Democrats and God

There is simply too much God-talk in politics these days.

It may surprise you to hear a bishop of the church say that there is too much God-talk in politics, but it seems that God is being used as a political football, and this borders on idolatry. The prophets thoughts so as well.

This week there was much press around the fact that the Democrats had removed the words “God” and “Jerusalem” from their platform. Then, after a lot of bad press, they reversed their decision and amended their platform to add them back in. In a textbook example of botched parliamentary procedure, it became clear that the amendment adding the words back in did not get the required 2/3 vote. The chair, who clearly wanted it to pass, and obviously didn’t want to embarrass himself or his party, was flustered, and didn’t know what to do. So he called for the voice vote again. And then again. It was impossible to call, sounding closer to 50-50, or 60-40, so instead of calling for an inconvenient division of the house, he announced it had passed and got booed.

More troubling than the absence of God-talk from public discourse is co-opting God-language to promote ones agenda. It is possible to do justice, love kindness and walk humbly with your God without bandying about God-talk. One of the books of the Bible, Esther, doesn’t even mention God. It’s also possible to use a lot of God-talk and completely disregard the biblical message.

Anyone sitting and listening to both the Republican and Democratic conventions will notice there has been no small amount of God-talk. Everyone wants to invoke God to support their plan. Some people will say whatever they have to say to keep their constituents happy and assure reelection. If God-talk satisfies the masses, we use it, whether we mean it or not. We live in an era when politics trumps policy.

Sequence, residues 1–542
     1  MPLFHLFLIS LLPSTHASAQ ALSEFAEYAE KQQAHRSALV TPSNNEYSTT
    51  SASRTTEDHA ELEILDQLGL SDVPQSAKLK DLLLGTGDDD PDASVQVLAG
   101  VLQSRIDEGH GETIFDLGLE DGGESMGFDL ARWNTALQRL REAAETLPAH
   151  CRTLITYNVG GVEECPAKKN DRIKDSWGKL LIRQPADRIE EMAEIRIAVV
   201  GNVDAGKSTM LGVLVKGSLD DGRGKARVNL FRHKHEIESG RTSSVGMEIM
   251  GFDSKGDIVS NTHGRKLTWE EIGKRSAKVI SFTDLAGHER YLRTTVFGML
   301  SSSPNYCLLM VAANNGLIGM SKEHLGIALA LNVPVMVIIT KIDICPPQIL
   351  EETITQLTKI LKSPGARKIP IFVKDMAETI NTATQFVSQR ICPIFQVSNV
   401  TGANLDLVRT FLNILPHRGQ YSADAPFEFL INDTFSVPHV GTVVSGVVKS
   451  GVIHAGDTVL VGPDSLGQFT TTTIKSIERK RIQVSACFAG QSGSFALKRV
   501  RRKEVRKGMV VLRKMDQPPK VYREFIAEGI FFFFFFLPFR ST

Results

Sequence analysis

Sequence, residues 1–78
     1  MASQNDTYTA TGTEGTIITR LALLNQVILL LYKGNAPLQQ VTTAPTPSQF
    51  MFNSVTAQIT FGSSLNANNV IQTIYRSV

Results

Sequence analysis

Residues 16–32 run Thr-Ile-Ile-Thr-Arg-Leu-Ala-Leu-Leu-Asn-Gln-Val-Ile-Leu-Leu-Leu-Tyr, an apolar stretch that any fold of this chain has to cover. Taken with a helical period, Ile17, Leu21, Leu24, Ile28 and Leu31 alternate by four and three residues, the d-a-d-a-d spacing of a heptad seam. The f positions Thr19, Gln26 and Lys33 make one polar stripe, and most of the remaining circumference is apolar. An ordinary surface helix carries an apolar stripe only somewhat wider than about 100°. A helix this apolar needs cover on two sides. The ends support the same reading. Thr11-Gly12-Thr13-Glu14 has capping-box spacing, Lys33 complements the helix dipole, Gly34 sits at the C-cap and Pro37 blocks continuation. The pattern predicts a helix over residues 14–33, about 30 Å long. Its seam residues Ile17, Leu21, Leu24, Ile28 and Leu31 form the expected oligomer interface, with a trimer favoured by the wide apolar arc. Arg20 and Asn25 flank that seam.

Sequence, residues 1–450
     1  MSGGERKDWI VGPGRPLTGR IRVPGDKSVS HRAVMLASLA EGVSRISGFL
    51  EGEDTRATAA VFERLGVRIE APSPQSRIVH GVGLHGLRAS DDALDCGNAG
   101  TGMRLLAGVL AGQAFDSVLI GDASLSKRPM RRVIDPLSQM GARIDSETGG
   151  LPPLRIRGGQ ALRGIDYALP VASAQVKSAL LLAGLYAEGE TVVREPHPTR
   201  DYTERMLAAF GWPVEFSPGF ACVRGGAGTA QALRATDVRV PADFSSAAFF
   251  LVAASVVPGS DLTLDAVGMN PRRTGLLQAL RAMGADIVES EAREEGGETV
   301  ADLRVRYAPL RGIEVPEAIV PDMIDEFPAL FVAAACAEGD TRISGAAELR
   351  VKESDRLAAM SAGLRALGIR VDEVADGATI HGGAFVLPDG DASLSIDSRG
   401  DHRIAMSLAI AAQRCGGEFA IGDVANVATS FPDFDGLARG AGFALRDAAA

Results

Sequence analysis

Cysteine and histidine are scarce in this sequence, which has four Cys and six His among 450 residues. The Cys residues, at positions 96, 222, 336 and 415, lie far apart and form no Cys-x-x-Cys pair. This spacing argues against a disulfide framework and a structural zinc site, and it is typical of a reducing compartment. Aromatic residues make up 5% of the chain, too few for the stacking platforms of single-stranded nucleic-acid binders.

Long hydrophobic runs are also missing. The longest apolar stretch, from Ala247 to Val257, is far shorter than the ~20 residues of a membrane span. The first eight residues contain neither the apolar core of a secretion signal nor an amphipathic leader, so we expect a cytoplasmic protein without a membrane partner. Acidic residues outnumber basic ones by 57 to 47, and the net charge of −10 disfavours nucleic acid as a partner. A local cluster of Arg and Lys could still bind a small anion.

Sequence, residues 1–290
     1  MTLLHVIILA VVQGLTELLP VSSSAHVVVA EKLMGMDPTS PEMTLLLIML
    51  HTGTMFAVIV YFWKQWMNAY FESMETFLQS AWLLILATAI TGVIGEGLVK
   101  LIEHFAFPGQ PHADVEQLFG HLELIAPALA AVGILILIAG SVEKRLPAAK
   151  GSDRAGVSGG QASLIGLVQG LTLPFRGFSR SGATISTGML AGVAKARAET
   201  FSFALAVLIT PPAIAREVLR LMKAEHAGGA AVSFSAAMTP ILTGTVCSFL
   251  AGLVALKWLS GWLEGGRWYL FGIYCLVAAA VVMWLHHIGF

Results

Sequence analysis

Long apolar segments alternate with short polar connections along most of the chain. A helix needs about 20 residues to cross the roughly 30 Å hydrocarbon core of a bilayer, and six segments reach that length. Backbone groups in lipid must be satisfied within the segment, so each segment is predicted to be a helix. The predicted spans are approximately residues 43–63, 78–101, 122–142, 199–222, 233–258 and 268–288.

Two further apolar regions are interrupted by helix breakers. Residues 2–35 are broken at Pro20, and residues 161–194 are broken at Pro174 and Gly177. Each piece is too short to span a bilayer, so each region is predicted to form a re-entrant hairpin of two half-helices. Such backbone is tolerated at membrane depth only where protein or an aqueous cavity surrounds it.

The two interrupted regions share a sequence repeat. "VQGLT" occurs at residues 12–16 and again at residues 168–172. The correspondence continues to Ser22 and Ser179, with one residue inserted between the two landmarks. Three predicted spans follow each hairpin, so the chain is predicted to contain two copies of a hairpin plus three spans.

The Commandments warn us never to use God’s name in vain. The prophets would say God-talk doesn’t amount to a hill of beans if you aren’t establishing justice for the poor, for the orphan, widow and alien. The prophet Amos got sick of superficial God-talk. “Take away from me the noise of your songs… and instead let justice roll down like a mighty waters and righteousness like an ever-flowing stream.” There are a lot of people using God talk who have never read Amos. And there a lot of people working for justice who don’t throw around God talk recklessly.
The real issue is not proof texting talks for politically correct language that pleases the guardians of religious orthodoxy. The real issue is establishing policies that uphold the biblical vision for justice and righteousness. I’m more concerned about our parties’ policies than their God-talk. Anyone can talk God-talk. Isaiah said, “This people honors me with their lips, but their heart is far from me.”

I’m a Lutheran, so I subscribe to Luther’s doctrine of the Two Kingdoms: The kingdom on the left is this broken world in need of temporal authority to govern it. The kingdom on the right is the reign of God, a spiritual realm that requires spiritual leadership. They are not to be confused. Luther was not in favor of a theocracy. Neither were the founding fathers. The founding fathers believed in God, but they did not want a theocracy. They clearly rejected the wedding of church and state. Luther said he’d rather be governed by a wise Turk than a foolish Christian.

The New Testament letter of James says, “Religion that is pure and undefiled before God, the Father, is this: to care for orphans and widows in their distress, and to keep oneself unstained by the world.”

Let’s not word-search all our government platforms, speeches, supreme court decisions and legislation for God-talk. Let’s establish good government, with liberty and justice for all.

Michael Rinehart,